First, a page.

How to do Single Leg / Pistol Squats Correctly and Safely
Single leg training is one of the Big 6 functional exercise patterns that you need to train. It has one of the highest carryovers to real-life application, as we spend the vast majority of our day on one leg. Single Leg Squats are challenging!
Do not worry, we will show you some easy progressions that you can start right away, regardless of your experience.
SINGLE LEG PISTOL SQUAT FORM VIDEO
BENEFITS OF THE SINGLE LEG PISTOL SQUAT
- Creates symmetry between both of your legs
- Can be easily scaled to provide a challenge for less experienced lifters
- Improves mobility of the hips, knees, and ankles
- Requires minimal equipment
- Improves balance and coordination
MUSCLES WORKED DURING THE PISTOL SQUAT
PERFORMING THE PISTOL SQUAT WITH PROPER TECHNIQUE
Obtain a tall box that is approximately 2/3rds the height of your leg and a light dumbbell for counterbalance
Stand 6 inches in front of the box and bring the dumbbell up to your chest in the goblet position (holding onto one side of the dumbbell in a vertical orientation with your palms facing upwards)
Take a breath, brace your core and lift the non-working leg into the air
Begin the squat by simultaneously bending at the hip and knee of the working leg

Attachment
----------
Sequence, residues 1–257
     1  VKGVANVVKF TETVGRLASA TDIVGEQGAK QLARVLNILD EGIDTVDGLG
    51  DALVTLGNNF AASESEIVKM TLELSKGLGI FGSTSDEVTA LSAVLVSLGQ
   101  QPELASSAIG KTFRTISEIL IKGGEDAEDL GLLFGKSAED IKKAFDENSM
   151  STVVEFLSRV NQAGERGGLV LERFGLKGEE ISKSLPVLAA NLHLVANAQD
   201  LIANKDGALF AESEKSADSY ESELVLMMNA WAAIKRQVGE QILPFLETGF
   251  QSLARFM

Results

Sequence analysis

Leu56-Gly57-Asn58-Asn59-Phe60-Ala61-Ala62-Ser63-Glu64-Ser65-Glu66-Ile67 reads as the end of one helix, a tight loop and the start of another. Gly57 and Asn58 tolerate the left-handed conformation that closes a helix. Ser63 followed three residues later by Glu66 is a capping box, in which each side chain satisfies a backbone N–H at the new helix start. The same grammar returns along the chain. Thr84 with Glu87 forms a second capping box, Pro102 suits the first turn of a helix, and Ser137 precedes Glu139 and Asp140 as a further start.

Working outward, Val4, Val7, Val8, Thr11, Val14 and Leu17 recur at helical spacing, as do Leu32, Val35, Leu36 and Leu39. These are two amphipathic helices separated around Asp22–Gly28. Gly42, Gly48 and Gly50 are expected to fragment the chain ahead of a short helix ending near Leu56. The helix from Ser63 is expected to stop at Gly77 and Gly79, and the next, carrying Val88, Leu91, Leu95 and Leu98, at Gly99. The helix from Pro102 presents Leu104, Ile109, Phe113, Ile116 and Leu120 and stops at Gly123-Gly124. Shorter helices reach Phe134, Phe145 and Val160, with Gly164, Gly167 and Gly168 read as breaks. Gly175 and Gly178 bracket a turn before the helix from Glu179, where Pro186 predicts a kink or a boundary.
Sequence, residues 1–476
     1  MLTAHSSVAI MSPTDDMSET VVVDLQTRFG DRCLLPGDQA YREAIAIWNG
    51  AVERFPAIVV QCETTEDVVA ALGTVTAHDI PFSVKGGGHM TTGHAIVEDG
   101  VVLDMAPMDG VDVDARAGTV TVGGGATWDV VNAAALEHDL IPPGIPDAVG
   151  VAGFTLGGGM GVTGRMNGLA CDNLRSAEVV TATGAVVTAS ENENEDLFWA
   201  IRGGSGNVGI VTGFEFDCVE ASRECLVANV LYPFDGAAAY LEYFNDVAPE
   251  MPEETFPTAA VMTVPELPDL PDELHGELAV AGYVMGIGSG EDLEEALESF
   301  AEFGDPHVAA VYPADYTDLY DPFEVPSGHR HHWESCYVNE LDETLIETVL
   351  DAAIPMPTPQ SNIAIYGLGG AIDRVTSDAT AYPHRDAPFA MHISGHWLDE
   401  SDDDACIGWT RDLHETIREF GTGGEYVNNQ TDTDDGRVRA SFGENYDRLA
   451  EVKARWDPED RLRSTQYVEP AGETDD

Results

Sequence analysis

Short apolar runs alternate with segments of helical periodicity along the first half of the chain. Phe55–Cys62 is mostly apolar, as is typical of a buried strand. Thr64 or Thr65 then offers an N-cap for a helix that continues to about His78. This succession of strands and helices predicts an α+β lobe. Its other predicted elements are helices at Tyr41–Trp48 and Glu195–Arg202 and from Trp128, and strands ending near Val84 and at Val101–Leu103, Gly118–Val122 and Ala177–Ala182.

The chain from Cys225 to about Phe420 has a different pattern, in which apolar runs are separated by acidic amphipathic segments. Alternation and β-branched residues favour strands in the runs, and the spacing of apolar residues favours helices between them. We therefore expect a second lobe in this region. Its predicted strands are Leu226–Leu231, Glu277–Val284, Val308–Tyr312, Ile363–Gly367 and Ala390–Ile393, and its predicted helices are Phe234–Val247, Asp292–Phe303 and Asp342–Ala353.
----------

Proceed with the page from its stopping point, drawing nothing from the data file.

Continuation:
Sit back onto the box until you are sitting completely on the box
Keep your core braced and ensure that you keep your knee in line with your toes
After a 1 count, drive your foot into the ground to extend at the hips and simultaneously
Squeeze your glute to finish the lift
SINGLE LEG SQUAT PROGRESSIONS
- Once this exercise becomes easier, begin using a smaller and smaller box
Once you are advanced - you can perform the exercise without a box
First, perform assisted pistols holding onto an external source while you squat all the way down
Once you master that, perform pistol squats from the bottom up - get comfortable holding the bottom position
- Once you master that, you should be ready to go all on your own!
SUMMARY OF THE SINGLE LEG/PISTOL SQUAT TECHNIQUE
Click on each blue circle to view the key technical aspects of this exercise
LETTING YOUR KNEE CAVE INWARDS (TRACK INSIDE OF YOUR KNEES)
This places excessive strain on your hips and knees. Keep your glutes engaged and focus on keeping your knees inline or outside of your knees.
LETTING YOUR SPINE ROUND
It's easy to let your spine round during this exercise. Do your best to keep your core engaged and your spine neutral - especially during the earlier progressions.
NOT WARMING UP
You can very easily pull a muscle or cause joint strain if you are not adequately warmed up. Always perform a dedicated warm-up routine first!